LGBTQ+ Voices in history - executions under the Buggery Act

Published
01.07.2021

For the final part of our quartet of blogs looking at LGBT history around the country, we turn to Deptford in South London, where the tragic events that led to the last two executions conducted under the Buggery Act in 1835, unfolded.  

 

In late August 1835, James Pratt, aged 30, said goodbye to his wife and two young daughters at their lodgings in Deptford and headed off in a routine search for labouring work. It proved a fruitless quest.

Broadsheet reporting the execution of Pratt and Smith 1835

Before returning home, Pratt paused for a drink in an ale house. There he met John Smith, also a labourer, aged 40, and William Bonill, aged 68. Neither could offer him a job but their company was hospitable. Bonill invited Pratt and Smith back to his rented flat and they accepted.

 

Little did Pratt and Smith know, as they made their way to his premises in George Street, Southwark, that this get-together would result in their execution – and that Bonill would be transported to Australia.

 

Bonill’s landlords, Jane and George Berkshire, disapproved of the behaviour their tenant, William Bonill, who they regarded as an ‘old villain.’ He had been bringing men back to his flat on a regular basis; sometimes twice a day.

 

Shortly after the three men arrived, George spied into Bonill’s room through a nearby window. He told his wife Jane that he’d seen Pratt sitting on Bonill’s knees and then on Smith’s and there’d been much laughing and conversation between them.

 

Jane then crept upstairs and peeped through Bonill’s keyhole. After a brief look, she returned to tell her husband that she had witnessed the men engaging in sexual acts. Enraged, George rushed upstairs and burst into the room to confront Pratt and Smith, who he later claimed were in a compromising position.

 

At this point, Bonill, who had gone out for a drink, returned and entered the room. An effort to calm down Berkshire was unsuccessful. George went off to seek the police.

 

Pratt, Smith and Bonill were arrested and taken into custody. Pratt and Smith were charged with ‘buggery’ and Bonill as an accessory. They went on trial for their lives at the Old Bailey on 21 September 1835.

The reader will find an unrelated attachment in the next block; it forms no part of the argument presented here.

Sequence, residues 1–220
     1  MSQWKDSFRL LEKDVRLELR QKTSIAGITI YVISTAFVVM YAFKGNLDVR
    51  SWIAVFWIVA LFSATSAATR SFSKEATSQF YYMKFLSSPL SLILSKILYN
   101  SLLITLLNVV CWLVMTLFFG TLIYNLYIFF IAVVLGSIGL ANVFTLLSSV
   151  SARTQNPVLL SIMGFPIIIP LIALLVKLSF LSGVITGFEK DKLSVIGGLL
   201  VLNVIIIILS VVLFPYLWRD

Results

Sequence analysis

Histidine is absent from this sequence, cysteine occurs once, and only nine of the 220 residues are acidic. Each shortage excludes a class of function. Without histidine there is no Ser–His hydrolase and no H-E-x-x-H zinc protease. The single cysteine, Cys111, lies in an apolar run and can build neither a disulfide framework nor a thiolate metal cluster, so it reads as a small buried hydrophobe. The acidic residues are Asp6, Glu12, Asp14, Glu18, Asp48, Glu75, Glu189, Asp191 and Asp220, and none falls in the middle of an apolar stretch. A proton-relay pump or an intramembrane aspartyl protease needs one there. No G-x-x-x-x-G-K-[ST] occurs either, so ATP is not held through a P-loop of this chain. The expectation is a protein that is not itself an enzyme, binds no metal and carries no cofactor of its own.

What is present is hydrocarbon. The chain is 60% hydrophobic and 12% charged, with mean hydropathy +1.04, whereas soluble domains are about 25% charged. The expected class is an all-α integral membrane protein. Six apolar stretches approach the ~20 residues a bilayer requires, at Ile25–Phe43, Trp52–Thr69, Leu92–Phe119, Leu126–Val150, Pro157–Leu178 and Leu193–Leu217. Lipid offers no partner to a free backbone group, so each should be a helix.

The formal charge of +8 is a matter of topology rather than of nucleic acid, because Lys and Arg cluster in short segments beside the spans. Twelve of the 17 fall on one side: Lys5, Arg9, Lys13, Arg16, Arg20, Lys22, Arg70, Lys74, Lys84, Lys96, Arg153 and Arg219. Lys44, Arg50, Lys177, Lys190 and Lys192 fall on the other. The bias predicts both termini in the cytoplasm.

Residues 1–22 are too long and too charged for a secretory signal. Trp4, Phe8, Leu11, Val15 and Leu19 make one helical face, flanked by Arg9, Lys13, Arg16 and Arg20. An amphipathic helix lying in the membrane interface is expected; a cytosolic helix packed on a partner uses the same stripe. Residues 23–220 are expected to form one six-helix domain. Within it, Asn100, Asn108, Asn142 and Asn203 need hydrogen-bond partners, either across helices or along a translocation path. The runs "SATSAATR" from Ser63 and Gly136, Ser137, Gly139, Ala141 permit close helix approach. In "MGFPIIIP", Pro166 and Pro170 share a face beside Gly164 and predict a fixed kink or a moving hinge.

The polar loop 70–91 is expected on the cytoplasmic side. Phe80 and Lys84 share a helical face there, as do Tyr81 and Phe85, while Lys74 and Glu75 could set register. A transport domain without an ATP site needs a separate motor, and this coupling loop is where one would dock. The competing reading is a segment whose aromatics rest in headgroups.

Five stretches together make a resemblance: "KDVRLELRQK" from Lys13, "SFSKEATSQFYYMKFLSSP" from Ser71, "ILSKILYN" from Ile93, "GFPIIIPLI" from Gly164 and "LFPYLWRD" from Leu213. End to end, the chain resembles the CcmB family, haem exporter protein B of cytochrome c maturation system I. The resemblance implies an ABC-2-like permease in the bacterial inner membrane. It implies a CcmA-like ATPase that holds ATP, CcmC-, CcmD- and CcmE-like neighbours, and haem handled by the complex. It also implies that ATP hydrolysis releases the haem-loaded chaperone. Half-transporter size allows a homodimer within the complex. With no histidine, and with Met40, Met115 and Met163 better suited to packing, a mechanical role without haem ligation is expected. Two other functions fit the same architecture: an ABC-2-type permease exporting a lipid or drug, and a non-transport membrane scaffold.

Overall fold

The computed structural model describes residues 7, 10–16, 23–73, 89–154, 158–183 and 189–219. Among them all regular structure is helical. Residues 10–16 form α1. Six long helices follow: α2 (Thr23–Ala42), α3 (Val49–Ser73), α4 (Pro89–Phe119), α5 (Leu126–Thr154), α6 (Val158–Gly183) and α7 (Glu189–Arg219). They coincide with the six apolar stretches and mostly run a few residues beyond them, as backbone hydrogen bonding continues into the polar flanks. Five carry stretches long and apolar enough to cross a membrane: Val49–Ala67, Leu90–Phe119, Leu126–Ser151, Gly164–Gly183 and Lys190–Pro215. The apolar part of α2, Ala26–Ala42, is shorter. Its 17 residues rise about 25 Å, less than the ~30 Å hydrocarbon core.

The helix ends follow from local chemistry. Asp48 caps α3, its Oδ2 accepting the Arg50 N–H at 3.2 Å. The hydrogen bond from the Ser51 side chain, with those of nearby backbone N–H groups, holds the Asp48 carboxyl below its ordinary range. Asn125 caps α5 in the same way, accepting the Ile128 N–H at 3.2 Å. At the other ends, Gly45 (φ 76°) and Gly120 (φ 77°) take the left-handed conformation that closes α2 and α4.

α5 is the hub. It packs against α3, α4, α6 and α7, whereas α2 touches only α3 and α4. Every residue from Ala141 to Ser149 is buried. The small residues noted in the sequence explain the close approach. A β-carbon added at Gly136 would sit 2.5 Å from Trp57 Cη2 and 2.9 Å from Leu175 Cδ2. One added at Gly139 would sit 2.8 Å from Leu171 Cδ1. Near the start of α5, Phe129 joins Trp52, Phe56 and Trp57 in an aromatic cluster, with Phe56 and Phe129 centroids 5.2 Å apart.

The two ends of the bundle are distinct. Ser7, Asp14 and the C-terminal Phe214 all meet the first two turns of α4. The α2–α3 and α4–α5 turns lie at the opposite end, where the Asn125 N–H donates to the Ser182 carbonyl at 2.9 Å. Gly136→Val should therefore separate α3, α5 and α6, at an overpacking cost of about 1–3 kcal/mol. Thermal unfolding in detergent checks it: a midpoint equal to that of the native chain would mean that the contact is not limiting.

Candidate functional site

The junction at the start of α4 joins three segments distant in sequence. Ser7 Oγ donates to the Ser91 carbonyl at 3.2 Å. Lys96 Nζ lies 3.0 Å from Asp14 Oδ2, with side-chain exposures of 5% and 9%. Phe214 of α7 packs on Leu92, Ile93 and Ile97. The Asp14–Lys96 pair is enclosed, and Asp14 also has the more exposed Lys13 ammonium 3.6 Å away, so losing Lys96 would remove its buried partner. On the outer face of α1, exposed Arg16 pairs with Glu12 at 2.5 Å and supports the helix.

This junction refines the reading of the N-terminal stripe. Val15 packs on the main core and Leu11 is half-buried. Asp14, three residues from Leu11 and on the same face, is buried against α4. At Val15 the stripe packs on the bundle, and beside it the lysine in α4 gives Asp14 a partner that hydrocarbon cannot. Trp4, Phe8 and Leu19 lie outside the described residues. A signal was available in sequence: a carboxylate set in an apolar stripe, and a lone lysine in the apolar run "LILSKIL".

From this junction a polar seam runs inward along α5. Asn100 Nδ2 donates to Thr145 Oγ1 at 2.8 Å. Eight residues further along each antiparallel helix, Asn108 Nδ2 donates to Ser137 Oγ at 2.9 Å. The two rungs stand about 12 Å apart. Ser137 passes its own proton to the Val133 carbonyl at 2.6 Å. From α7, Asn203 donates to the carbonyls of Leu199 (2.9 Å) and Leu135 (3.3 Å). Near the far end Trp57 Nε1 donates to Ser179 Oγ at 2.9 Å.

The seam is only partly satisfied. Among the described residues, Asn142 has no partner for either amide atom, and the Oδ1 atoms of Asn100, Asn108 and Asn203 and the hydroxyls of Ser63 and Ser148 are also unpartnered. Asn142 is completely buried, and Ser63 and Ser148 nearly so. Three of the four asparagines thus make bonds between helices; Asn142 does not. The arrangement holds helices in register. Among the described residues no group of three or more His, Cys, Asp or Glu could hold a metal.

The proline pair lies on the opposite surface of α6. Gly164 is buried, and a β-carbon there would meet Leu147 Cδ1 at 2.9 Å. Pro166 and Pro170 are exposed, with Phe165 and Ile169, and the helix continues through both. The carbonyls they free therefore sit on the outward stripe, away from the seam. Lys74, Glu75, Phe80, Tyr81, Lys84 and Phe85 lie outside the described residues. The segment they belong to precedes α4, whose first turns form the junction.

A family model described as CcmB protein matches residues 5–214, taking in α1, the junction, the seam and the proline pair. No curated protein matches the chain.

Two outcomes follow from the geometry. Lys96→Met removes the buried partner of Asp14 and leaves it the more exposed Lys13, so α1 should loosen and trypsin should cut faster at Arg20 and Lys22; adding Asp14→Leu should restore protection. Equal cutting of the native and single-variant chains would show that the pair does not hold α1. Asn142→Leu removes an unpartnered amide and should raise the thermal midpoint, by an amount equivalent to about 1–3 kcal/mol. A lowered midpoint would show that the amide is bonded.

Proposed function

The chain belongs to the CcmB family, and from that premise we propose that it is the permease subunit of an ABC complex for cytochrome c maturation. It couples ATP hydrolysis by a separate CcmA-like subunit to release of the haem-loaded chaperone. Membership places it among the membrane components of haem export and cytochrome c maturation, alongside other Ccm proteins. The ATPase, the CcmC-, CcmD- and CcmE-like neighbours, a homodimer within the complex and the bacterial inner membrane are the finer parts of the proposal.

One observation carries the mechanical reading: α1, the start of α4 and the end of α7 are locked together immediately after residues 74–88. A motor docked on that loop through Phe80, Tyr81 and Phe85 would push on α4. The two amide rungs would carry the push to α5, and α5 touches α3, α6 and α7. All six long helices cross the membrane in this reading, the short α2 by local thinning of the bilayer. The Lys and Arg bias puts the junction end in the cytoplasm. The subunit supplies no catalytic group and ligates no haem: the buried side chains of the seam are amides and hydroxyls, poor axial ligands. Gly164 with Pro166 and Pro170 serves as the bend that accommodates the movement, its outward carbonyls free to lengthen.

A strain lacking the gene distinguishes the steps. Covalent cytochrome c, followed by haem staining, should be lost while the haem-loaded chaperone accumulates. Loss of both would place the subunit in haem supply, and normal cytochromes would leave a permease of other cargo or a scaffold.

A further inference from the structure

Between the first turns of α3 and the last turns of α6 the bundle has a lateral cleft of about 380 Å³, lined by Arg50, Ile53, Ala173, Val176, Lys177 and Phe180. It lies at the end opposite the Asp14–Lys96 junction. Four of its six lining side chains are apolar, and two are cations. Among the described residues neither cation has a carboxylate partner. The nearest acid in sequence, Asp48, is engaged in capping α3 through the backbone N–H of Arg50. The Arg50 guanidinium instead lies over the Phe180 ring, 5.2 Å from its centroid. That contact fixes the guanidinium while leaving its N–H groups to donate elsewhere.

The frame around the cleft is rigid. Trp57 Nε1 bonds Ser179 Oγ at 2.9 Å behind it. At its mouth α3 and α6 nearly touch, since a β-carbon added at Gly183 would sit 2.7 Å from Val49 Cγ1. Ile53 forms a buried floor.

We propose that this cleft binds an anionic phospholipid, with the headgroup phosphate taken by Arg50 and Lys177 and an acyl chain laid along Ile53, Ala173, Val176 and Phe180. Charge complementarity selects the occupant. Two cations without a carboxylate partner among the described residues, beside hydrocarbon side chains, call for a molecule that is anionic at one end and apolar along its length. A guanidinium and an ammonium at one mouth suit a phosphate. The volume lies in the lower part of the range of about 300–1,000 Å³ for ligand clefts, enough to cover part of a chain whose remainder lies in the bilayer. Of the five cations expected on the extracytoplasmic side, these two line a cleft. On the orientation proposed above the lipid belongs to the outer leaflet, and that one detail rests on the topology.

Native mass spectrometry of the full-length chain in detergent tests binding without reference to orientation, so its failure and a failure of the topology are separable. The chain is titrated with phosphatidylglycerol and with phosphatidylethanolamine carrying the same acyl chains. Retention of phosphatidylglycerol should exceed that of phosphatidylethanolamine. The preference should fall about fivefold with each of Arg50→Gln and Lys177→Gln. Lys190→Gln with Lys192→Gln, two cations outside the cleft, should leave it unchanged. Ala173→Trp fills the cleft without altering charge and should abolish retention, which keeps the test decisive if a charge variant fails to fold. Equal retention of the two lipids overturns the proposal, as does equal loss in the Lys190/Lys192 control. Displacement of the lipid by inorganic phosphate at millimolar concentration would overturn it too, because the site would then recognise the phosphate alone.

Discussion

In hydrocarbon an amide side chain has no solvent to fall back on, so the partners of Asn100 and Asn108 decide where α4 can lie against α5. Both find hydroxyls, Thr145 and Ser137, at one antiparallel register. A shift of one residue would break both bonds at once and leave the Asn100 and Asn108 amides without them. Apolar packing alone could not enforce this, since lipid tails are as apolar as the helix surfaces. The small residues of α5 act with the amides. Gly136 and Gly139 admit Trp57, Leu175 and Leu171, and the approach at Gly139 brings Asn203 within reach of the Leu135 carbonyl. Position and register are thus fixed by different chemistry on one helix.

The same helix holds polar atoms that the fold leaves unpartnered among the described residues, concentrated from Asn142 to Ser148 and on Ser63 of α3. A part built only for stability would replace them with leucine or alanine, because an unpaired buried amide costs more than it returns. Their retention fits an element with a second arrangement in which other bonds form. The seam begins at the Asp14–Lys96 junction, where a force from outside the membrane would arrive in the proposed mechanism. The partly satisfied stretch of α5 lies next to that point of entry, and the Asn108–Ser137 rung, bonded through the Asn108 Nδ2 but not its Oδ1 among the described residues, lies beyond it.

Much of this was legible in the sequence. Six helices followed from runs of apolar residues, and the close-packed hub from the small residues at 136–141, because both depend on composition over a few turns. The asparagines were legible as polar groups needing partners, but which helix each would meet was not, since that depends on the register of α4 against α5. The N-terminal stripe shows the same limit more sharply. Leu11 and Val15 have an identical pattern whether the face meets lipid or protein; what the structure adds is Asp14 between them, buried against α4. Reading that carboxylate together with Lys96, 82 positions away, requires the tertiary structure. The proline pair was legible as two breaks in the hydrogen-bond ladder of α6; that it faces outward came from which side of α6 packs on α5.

The arresting police officer had no material evidence to support the charge. The prosecution rested solely on the evidence of George and Jane Berkshire. The account Jane told the jury is questionable and it seems doubtful that the keyhole could have provided the range of vision needed to see what she claimed.

 

The testimony of George was very similar to Jane’s and supported her accusations. Neither James Pratt nor John Smith were allowed to give evidence at their trial. Both pleaded ‘not guilty’ to the charge. Nevertheless, the jury returned a guilty verdict.

 

The law against ‘buggery’ was a capital crime and they were sentenced to death (it remained a capital offence until 1861, when the maximum sentence was reduced to life imprisonment). Both men left the dock in tears. William Bonill was sentenced to 14 years transportation to Australia and died there in 1841.

 

John Smith, it seems, had no friends. But the friends of James Pratt commenced a vigorous campaign to save him from the gallows. They gathered a substantial petition, whose signatories included the trial prosecutor, former employers, neighbours and even George and Jane Berkshire, the men’s accusers.

 

All the documents seeking clemency were presentation to King William IV, but without success. Seventeen individuals had been sentenced to death at the September and October sessions of the Central Criminal Court for offences ranging from burglary to attempted murder. All had their death sentences commuted except for Pratt and Smith.

 

On Friday 27 November 1835, the two prisoners were taken from their cells and brought to the place of execution, still protesting their innocence. The report of the execution in ‘The Morning Post’ stated that when the men were led onto the scaffold the crowd began to hiss, and this continued until the moment of their execution.

 

James Pratt was reportedly too weak to stand and had to be held upright by the executioner's assistants while preparations were made to hang him. After a short struggle on the rope Pratt and Smith were dead.

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